Mom’s vegetable soup, good for what ails you

When our children were little and our family visited Mother and Daddy in Lancaster County, PA , we could always count on an enamel-coated refrigerator drawer full of soup–either chicken corn or vegetable–to get us revived after a long car trip from Florida. Even now after an exhausting flight, we open the fridge and find home-made soup in one of the drawers, ready to heat up.

2002RuthPotatoes_small

Mother has seldom used a recipe and when she does the proportions are often not included.

MomVegSoupRecipe2_layers_4x3_300 The recipe shows “potatoes” crossed out, but sometimes she adds them.

After a couple of stabs at it, I coaxed Mom into being a little more precise about measurements for her savory vegetable soup:

Start with 2 1/2 pounds of chuck roast. Sear the meat and then bake it at 350 degrees until tender. It should be nice and brown and fall apart when you jab a fork into it! Save drippings.

Cook separately:  Carrots, celery and cabbage. Then add green beans, peas and corn. Be sure to keep the vegetable broth.

Now add a quart of tomato juice (preferably canned from fresh tomatoes or tin canned crushed tomatoes.)

1/2 cup Heinz ketchup. Then combine beef, cut up, into vegetable + broth mixture and simmer.

*  *  *

What comfort food to you associate with your mother? Another relative?

Your comments welcome. I will always reply.

Coming next week! First in a Series: Moments of Extreme Emotion with Original Art by Cliff

Advertisements

28 thoughts on “Mom’s vegetable soup, good for what ails you

  1. My mother also had vegetable soup prepared in bulk and stored in the small containers in the freezer for our homecomings. Another favorite were her turnip/collard/mustard green combinations. Heat and serve with freshly made cornbread. Makes a southern girl’s heart skip a beat. Your nostalgic posts always take me back home to memories long forgotten. Thank you.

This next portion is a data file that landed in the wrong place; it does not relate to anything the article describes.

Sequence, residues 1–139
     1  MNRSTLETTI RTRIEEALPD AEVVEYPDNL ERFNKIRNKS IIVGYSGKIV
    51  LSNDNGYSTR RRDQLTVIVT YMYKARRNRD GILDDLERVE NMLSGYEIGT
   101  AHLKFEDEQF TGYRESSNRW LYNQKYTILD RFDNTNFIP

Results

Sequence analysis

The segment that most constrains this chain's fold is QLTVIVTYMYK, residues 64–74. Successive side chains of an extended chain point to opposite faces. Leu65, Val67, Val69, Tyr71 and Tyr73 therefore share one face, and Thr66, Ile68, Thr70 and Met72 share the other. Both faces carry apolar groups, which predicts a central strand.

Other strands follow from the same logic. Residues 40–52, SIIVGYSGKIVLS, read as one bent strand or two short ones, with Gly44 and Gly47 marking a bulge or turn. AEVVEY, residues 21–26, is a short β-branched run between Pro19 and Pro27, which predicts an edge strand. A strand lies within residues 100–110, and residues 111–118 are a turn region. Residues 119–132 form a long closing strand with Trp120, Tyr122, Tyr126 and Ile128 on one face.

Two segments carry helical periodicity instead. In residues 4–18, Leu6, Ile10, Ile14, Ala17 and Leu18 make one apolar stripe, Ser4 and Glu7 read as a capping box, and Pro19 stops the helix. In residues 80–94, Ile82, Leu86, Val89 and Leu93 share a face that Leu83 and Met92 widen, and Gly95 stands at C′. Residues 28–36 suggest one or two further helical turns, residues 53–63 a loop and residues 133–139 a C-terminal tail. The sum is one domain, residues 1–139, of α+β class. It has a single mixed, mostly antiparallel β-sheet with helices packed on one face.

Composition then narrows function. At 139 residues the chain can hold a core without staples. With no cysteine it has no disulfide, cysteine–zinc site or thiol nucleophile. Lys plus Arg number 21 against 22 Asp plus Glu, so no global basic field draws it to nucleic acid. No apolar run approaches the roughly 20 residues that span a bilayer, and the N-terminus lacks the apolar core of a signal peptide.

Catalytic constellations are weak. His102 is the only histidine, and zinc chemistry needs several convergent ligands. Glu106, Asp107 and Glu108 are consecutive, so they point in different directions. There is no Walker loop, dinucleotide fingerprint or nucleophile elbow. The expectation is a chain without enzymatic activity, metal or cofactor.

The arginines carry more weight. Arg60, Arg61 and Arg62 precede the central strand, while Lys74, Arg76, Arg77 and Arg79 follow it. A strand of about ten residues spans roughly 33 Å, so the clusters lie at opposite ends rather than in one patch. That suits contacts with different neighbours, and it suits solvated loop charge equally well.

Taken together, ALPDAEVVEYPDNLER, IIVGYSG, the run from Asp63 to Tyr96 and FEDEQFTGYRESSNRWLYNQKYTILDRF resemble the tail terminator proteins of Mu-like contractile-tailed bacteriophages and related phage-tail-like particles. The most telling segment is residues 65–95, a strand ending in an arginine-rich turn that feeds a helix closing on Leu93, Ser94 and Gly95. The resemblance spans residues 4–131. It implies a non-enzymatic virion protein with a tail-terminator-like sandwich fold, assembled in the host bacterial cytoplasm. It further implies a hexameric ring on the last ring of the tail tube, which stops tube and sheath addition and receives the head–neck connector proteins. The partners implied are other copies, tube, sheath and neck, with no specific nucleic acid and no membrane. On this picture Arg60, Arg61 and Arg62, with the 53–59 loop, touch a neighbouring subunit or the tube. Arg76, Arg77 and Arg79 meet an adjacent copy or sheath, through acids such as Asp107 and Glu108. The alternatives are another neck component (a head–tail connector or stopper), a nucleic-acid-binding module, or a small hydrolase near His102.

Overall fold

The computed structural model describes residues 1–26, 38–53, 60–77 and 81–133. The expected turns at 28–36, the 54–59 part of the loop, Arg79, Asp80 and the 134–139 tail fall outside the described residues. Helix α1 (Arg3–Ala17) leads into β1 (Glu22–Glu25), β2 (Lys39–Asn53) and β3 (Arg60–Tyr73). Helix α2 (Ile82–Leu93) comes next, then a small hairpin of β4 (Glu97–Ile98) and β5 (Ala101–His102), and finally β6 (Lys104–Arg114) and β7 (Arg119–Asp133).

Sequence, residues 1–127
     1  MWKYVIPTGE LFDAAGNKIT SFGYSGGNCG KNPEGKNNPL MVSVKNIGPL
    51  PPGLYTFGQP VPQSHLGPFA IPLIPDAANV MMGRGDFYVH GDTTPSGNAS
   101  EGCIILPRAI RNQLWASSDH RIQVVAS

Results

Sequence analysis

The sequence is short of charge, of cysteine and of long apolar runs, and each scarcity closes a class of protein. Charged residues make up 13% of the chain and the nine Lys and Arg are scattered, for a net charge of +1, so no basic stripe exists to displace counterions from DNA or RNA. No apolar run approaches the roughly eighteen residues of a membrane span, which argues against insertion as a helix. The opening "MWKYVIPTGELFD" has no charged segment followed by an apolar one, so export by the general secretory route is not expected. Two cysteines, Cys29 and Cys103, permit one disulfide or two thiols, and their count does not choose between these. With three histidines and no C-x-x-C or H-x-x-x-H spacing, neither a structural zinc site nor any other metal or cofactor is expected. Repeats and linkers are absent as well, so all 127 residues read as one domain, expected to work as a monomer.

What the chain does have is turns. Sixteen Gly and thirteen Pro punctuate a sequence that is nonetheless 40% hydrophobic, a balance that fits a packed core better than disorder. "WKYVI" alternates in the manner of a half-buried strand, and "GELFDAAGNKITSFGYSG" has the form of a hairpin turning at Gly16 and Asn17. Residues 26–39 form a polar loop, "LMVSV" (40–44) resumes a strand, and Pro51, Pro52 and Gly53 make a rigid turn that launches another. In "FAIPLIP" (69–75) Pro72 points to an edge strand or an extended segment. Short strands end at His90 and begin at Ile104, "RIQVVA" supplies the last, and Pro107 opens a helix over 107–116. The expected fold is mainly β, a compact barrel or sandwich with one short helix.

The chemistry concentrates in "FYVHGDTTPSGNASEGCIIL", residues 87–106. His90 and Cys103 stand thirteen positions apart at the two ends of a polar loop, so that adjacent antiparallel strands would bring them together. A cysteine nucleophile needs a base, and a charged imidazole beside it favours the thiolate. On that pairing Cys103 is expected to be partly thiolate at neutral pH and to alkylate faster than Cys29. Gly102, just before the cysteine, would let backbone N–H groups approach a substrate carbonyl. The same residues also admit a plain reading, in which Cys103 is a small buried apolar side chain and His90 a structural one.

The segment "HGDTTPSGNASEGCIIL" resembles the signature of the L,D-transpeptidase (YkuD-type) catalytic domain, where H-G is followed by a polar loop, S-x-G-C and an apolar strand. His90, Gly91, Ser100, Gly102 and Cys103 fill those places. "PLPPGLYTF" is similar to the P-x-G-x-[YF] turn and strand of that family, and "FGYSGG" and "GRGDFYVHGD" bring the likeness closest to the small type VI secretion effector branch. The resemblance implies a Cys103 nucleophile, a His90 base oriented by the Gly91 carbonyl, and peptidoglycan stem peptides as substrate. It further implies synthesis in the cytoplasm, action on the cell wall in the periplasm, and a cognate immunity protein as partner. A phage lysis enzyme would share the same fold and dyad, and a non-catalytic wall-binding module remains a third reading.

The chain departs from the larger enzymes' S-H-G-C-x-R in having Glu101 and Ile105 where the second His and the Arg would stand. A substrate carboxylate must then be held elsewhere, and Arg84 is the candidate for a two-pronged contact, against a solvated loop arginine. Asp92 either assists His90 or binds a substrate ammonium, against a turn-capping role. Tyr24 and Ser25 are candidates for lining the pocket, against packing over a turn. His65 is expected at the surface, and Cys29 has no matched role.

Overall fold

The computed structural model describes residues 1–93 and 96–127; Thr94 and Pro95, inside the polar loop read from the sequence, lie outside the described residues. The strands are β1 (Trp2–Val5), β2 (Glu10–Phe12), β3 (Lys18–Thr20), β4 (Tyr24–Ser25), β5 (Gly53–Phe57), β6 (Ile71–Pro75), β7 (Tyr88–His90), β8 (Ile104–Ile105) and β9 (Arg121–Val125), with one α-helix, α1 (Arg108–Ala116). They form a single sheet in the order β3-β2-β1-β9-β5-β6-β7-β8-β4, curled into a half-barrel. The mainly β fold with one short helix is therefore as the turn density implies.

Like

  2. I love that her recipe only includes the ingredients. After all, you are already expected to know how to cook! My grandmother, who never measured anything, took the time to measure out the ingredients for her red velvet cake along with instructions on how to prepare it. I am so very grateful for that. I have it in her own handwriting. Of course, it is splattered with red cake mix now, but legible. I make two every Christmas.

    Like

  3. I’m thinking of Mom’s recipe for a concoction she called “goulash”. She got the recipe from Dad’s aunt. Layer cabbage, onion, ground beef, rice, and tinned tomatoes in a big pot. Season with salt and pepper and simmer for an hour or so. Season with allspice, stir it all together and cook it for a while longer. We always served it with thin slices of cheddar cheese on top of flattened portions. Comfort food, indeed.

    Like

    1. It sounds savory and “warming.” I’m noticing so many recipes with cabbage; one wonders if they came from the Old Country. It’s always nice to hear from you, Linda. Thanks for the visit!

      Like

  4. It’s like my recipes! 🙂 I love soup, and I usually have some in the freezer. I could tell you what is in them, but not the amounts. I make hot cabbage/beet borscht in the winter, sort of the way my mother made it, except that mine is vegetarian. I guess those types of vegetables and potatoes could be stored?